(13) If the network has been infected, ITS may isolate the contaminated portion of the University network from the rest of the University.


(14) A PC, laptop or other device that has been infected will be disconnected from the University network.

(15) The infected device will need to be cleaned and cleared of any threat to the University network.

(16) The device may be required to be presented for inspection by ITS before reconnection to the University network is permitted.

(17) Members of the University community are required to abide by the Desktop Virus Protection Guidelines to reduce the risk of virus problems.


(18) If an infection to a file occurs, the following steps apply:

  1. If a file can be cleaned, it is cleaned.
  2. If it can't be cleaned, and the file is recoverable from backup, it is deleted.
  3. If it can't be cleaned, and the file is not recoverable from backup, it is quarantined off the network.

(19) In exceptional circumstances, where the file holds great importance, it can be sent to an antivirus company at the file owner's expense for possible (but not guaranteed) de-contamination and recovery.

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Section 6 - Guidelines


(20) Most viruses are spread through an external source. Some common examples include email messages with attachments and Internet downloads.

(21) There are three main protection mechanisms in place:

  1. Antivirus mail gateway.
  2. Antivirus workstation protection.
  3. Antivirus server based protection.

(22) The antivirus mail gateway prevents inbound and outbound virus infected emails from spreading.

(23) The antivirus workstation protection updates network attached PCs with the most recent release of antivirus software. Currently, the distribution process is automated and runs transparently in the background. Home-based users can download and install the latest antivirus software from University Intranet site .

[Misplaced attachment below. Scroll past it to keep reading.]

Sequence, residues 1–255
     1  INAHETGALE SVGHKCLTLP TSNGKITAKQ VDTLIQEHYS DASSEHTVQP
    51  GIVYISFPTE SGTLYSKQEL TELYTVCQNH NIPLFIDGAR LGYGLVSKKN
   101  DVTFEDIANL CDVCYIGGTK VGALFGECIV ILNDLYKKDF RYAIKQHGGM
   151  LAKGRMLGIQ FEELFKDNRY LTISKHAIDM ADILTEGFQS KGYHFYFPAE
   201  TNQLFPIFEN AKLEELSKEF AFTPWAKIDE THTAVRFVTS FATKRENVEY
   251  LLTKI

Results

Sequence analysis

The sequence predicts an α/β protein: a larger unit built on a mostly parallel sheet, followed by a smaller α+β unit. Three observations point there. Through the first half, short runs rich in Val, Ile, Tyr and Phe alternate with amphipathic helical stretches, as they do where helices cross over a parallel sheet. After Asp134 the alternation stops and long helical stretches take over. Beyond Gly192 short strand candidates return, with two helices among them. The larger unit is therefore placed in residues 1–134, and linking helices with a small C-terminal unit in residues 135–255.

Desktop Virus Protection Guidelines

(24) Recommended actions to prevent virus problems:

  1. Always run the University standard, supported anti-virus software available from the University download site. Download and run the current version; download and install anti-virus software updates as they become available. This is installed and updates are deployed over the network on University PCs, however users must install and update at home.
  2. NEVER open any files or macros attached to an email from an unknown, suspicious or untrustworthy source. Delete these attachments immediately, then "double delete" them by emptying your Trash.
  3. Delete spam, chain, and other junk email without forwarding.
  4. Never download files from unknown or suspicious sources.
  5. Never provide your personal information to anyone by email , e.g. date of birth, password (Requests for this type of information is known as Phishing).
  6. Avoid clicking on unknown internet sites (URLs) that are received from unknown sources via emails as by connecting to these sites you may be infected by a Trojan.
  7. Avoid direct disk sharing with read/write access unless there is absolutely a business requirement to do so.
  8. Always scan a CD, DVD, USB stick or external hard drive from an unknown source for viruses before using it.
  9. Back-up critical data and system configurations on a regular basis to a network drive or, if using portable media, store the data in a safe place.
  10. If lab testing conflicts with anti-virus software, run the anti-virus utility to ensure a clean machine, disable the software, then run the lab test. After the lab test, enable the anti-virus software. When the anti-virus software is disabled, do not run any applications that could transfer a virus, e.g., email or file sharing.
  11. New viruses are discovered almost every day. Periodically check that your anti-virus software and definition files are up-to-date.